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Clin Endocrinol (Oxf). 2005 Nov;63(5):530-6.

Adaptation of the hypothalamic-pituitary hormones during intensive endurance training.

Author information

1
Department of Endocrinology, Diabetes and Nutrition, Charité University Medicine Berlin, Campus Benjamin Franklin, Germany. thomas.bobbert@charite.de

Abstract

OBJECTIVE:

Physical activity leads to changes in the hypothalamic-pituitary hormonal system. However, acute and long-term adaptations have not yet been precisely characterized. In this study, the changes of the hormonal system as a result of marathon training and running a marathon were examined. In particular, we focused on adaptations of the hypothalamic-pituitary-adrenocortical (HPA) axis, regarding the activation or inactivation of cortisol to cortisone by the 11beta-hydroxysteroid-dehydrogenase system (11beta-HSD).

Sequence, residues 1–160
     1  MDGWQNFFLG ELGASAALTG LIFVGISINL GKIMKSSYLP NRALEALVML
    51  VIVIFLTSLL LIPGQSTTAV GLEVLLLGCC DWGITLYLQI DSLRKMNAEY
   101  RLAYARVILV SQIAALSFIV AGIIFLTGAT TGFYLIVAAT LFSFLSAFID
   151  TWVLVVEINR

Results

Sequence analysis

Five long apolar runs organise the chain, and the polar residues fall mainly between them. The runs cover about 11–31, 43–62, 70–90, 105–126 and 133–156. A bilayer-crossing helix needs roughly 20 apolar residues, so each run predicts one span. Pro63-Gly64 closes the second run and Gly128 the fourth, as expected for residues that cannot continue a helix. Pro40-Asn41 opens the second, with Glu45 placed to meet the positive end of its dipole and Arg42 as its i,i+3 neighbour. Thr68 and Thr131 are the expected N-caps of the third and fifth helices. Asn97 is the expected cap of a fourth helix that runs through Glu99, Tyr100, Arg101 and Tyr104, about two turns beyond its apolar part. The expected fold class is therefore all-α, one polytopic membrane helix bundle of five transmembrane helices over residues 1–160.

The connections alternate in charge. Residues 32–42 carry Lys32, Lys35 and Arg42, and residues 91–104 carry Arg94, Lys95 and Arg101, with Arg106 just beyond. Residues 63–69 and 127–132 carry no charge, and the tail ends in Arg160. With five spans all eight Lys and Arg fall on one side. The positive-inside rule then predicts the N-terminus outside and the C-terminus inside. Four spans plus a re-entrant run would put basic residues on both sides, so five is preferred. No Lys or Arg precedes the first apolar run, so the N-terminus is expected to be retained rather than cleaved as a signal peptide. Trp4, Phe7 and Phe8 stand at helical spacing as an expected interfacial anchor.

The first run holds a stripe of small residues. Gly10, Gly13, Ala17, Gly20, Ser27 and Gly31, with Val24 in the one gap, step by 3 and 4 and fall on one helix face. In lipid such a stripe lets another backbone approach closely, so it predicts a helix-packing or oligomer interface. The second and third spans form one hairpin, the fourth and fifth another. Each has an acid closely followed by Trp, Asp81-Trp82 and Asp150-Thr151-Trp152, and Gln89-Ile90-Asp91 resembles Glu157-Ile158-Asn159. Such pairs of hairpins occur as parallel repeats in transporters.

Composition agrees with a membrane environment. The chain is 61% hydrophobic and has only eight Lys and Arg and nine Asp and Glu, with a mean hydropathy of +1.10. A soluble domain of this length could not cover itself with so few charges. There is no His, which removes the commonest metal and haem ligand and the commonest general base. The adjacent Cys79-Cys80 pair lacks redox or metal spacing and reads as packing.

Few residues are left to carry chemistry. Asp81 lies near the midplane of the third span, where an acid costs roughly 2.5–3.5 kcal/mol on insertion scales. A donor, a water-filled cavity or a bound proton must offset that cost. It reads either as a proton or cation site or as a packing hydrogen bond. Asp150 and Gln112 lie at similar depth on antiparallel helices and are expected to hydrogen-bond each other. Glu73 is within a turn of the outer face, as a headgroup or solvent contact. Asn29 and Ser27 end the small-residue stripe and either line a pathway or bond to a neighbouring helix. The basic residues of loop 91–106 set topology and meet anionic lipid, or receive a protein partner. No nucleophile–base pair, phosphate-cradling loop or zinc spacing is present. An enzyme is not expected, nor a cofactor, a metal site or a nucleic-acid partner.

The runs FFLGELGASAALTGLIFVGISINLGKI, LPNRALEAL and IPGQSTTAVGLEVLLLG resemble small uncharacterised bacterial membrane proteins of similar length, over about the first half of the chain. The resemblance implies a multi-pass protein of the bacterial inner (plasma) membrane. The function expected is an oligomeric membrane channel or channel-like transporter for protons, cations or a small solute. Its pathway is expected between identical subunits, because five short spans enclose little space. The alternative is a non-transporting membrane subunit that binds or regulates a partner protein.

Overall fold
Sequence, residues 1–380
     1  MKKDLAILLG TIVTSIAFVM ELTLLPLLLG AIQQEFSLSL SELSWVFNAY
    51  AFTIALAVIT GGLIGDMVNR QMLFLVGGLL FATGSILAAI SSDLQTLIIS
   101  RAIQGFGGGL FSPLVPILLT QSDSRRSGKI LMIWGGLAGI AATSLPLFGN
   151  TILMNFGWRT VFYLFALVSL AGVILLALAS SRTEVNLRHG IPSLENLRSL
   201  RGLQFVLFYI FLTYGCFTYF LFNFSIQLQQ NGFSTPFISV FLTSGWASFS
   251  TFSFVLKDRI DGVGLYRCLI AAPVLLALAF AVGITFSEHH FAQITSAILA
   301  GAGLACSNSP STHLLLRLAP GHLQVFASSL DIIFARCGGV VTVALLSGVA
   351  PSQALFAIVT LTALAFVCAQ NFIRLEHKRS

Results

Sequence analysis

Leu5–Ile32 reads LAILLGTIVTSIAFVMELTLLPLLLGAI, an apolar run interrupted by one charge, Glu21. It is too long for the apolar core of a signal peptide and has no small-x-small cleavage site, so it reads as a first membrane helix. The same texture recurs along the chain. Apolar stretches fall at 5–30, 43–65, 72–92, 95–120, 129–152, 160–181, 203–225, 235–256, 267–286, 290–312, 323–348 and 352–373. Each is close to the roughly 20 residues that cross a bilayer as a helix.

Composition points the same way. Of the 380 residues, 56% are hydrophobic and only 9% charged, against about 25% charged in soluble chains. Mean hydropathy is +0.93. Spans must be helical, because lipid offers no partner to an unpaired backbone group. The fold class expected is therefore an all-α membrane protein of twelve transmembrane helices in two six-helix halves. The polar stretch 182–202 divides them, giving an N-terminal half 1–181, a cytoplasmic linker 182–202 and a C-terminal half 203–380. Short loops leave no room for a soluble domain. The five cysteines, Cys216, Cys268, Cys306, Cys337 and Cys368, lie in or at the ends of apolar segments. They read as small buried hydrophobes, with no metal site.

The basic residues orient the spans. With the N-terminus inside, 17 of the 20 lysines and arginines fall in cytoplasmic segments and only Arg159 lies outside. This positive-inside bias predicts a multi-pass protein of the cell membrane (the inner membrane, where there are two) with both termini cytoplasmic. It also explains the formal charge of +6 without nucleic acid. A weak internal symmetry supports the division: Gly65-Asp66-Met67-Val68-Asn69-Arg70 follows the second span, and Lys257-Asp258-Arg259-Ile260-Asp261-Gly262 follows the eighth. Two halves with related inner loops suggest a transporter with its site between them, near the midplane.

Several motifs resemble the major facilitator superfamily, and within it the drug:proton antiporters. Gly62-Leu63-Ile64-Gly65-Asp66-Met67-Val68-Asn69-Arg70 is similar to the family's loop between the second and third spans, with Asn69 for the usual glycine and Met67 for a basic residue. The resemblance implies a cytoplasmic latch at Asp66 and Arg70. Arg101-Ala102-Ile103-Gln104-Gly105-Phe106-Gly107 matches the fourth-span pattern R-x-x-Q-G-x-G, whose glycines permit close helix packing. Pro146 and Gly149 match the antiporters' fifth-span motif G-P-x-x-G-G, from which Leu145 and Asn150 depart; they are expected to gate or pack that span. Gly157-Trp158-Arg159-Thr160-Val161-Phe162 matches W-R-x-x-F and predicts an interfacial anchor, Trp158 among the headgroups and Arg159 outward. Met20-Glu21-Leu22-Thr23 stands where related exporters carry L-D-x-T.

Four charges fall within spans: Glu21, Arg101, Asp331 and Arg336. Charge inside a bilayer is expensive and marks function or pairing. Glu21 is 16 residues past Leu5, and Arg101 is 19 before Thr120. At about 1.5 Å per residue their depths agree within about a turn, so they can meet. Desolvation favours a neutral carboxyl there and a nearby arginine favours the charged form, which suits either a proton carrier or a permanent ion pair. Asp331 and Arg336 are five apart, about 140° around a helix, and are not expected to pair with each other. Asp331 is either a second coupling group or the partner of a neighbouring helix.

DESIGN:

Patient measurements: 8 healthy women and 11 healthy men volunteered for this study. Blood samples, 24-h urine and a dexamethasone suppression test were analysed for metabolic and hormonal parameters at five different dates 12 weeks around a marathon.

RESULTS:

Cortisol and ACTH values decreased significantly 2 days after the marathon, whereas the activity of the whole body 11beta-HSD-1 was up-regulated. An increased suppression of cortisol levels was observed in the dexamethasone suppression test after 6 weeks of reduced training levels. Ghrelin was elevated 2 days after the marathon. Only minor changes in the other hypothalamic-pituitary-hormonal axes could be observed. However, the free androgen index increased significantly after 6 weeks of reduced training.

CONCLUSIONS:

The HPA system appeared to become chronically activated by continuous physical training and therefore less sensitive to the dexamethasone suppression test. The acute stress of the marathon led to a central exhaustion of the HPA system with a paracrine counteraction by the activation of the 11beta-HSD system. Changes in the other hypothalamic-pituitary hormonal axes were the result of long-term differences in training levels and were not altered by the marathon.

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